I love Lent. Please don’t misunderstand me. It’s not that I embrace penance or self-denial more eagerly than others do. The spirit is willing but the flesh is weak! The disciplines of Lent, of course, do involve self-denial. But these acts of penance and almsgiving, as well as our greater commitment to prayer, are liberating. They are directed toward renewal. Lent is the liturgical season which highlights the call to repentance and ongoing conversion more urgently than any other. Now is the time to prepare ourselves with the whole Church for the celebration and experience of new life at Easter. Jesus Christ died for you and for me. We will only share the joy of his victory if we acknowledge our need for a savior. Lent puts us in touch with that deep human and spiritual need.
If we are truly seeking a deeper conversion to Christ and desire to live as his disciples it seems strange that we usually take on penances and disciplines during Lent simply to discard them at Easter. Unfortunately, that is often the way we approach this penitential season. Discipleship is a lifelong journey and a year-round way of life. The most fruitful Lenten disciplines help us focus on those areas of our life in which the Lord is calling us to deeper conversion and repentance. In other words, it is not primarily about what legitimate pleasure we should “give up” during Lent, but about what sin in our life we need to repent of so that we can follow Christ more faithfully. What obstacles need to be removed? What relationships need to be repaired, improved or ended? What bad habits need to be broken? What virtues (good habits) need to be strengthened? Our acts of fasting, almsgiving and our prayer open our hearts to God’s grace so that we can follow Christ more closely.
The grace of Lent is an invitation to make permanent changes in our lives. How about changing our attitude toward the Sacrament of Penance? Beginning this Lent, I invite us to approach this great sacrament of mercy more frequently. Without the grace and healing that comes to us through the Sacrament of Penance, how can we experience the deeper conversion and spiritual growth that the Lord desires for us?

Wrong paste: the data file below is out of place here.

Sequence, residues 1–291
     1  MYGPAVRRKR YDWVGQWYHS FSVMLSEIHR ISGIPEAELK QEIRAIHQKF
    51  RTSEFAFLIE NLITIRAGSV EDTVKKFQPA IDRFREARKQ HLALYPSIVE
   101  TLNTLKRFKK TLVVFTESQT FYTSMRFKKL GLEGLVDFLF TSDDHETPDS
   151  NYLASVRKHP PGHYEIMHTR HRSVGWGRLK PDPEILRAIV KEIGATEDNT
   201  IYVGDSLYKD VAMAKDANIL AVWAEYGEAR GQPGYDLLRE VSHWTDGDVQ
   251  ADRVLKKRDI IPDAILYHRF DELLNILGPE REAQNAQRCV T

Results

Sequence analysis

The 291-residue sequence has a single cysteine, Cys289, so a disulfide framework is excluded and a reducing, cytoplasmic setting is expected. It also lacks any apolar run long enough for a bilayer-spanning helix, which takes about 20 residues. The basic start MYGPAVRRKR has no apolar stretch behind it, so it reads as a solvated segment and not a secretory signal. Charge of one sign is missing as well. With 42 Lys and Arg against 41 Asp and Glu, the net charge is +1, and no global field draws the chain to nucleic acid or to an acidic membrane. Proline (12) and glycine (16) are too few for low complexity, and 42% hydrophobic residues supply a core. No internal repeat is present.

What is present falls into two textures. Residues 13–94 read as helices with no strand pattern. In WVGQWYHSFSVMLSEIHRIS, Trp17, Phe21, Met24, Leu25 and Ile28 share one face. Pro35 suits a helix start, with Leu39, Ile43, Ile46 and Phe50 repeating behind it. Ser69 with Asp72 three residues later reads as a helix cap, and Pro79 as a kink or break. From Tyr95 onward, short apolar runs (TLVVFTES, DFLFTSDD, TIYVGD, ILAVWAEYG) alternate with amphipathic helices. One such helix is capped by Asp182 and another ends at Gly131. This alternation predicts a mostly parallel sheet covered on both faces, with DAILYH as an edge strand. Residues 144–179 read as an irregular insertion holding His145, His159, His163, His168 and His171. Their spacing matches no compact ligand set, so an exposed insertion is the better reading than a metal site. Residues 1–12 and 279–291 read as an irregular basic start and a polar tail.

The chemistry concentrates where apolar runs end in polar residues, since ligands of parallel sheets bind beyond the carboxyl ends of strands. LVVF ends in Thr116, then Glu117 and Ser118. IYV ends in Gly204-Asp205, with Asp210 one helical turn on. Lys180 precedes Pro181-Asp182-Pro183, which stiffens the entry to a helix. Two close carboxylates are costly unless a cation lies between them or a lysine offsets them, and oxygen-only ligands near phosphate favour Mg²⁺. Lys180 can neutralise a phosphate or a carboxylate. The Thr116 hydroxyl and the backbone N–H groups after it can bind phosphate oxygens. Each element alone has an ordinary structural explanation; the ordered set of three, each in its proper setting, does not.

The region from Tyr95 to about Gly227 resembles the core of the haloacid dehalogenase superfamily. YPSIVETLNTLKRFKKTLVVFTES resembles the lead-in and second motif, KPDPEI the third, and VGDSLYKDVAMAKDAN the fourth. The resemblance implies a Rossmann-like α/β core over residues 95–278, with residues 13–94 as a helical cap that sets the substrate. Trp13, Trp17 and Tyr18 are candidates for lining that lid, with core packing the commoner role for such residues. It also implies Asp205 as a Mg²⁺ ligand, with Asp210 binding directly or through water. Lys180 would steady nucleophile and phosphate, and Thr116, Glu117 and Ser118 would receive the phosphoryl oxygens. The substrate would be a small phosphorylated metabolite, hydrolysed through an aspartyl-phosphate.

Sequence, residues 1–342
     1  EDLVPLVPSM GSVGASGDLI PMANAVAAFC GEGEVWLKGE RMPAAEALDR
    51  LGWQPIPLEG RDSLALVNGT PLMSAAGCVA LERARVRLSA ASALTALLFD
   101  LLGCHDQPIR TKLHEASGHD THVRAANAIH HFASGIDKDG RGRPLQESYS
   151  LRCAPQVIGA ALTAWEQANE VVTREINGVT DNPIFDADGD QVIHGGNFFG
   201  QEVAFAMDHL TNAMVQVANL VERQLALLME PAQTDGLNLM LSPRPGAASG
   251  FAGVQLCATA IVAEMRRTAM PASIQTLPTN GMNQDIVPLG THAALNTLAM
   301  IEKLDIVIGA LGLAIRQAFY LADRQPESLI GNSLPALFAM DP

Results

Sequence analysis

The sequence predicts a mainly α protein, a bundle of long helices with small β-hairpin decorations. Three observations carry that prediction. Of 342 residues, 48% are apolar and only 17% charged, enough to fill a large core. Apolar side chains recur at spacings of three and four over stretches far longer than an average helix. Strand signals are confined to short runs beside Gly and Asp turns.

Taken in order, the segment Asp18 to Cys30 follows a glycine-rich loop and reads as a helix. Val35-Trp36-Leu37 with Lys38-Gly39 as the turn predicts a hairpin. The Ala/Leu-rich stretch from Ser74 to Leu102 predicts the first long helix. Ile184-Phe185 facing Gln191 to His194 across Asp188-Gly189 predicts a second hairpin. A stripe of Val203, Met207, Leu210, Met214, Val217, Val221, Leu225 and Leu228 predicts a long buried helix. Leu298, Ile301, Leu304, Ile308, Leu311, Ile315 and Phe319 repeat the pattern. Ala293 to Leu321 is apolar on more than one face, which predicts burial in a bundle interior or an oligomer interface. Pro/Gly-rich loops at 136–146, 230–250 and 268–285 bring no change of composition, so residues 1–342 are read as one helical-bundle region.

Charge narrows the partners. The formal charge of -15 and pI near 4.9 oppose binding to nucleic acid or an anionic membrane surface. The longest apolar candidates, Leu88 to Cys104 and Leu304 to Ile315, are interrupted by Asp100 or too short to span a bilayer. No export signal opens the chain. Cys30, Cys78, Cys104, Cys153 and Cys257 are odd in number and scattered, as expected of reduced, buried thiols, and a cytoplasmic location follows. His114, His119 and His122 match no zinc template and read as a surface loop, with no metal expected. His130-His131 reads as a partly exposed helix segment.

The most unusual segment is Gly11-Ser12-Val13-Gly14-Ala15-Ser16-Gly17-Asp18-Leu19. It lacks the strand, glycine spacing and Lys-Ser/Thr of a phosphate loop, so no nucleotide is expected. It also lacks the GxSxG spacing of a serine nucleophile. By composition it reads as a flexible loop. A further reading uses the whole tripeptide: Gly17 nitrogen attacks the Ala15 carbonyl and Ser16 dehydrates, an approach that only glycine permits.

Saint John Vianney recognized the importance of this sacrament for the renewal of his parish. He spent untold hours hearing confessions because he saw this great gift, which was being neglected in his time just as it is in our own, as the key that would free his people from their bondage to sin and lead them to great holiness. By preaching its importance, praying for his parishioners’ conversion and making himself available in the confessional, he eventually witnessed the fruits of a great spiritual renewal in his parish. The renewal began with the Sacrament of Penance which helped people experience God’s great mercy and opened their hearts to the fruitful reception of the Eucharist and an eagerness for the works of charity.
“It is beautiful to think that we have a sacrament which heals the wounds of our souls,” exclaimed Saint John Vianney. Why would we not go frequently to receive the benefits of this great sacrament? Each of us longs for the profound experience of freedom and peace which comes from a clear conscience and the experience of being forgiven and set free from our bondage to sin. Saint John Vianney describes the effects of this sacrament in just those terms: “The Good God at the moment of absolution throws our sins behind his shoulders; in other words, He forgets them; He destroys them; they will never reappear again.”
This Lent, take the longer view. Recognize the need for lasting changes and ongoing conversion. A commitment to the frequent celebration of the Sacrament of Penance will transform that hoped-for outcome from a mere dream into a reality.
Most Catholics still recognize the importance of a good confession during Lent. It is how we prepare ourselves for the celebration of Easter. We humbly confess our sinfulness seeking divine mercy and we experience the liberating grace of reconciliation with God and his Church. Unfortunately, far too many Catholics approach the Sacrament of Penance only during Lent. If it is really so beneficial, why would we approach it so infrequently?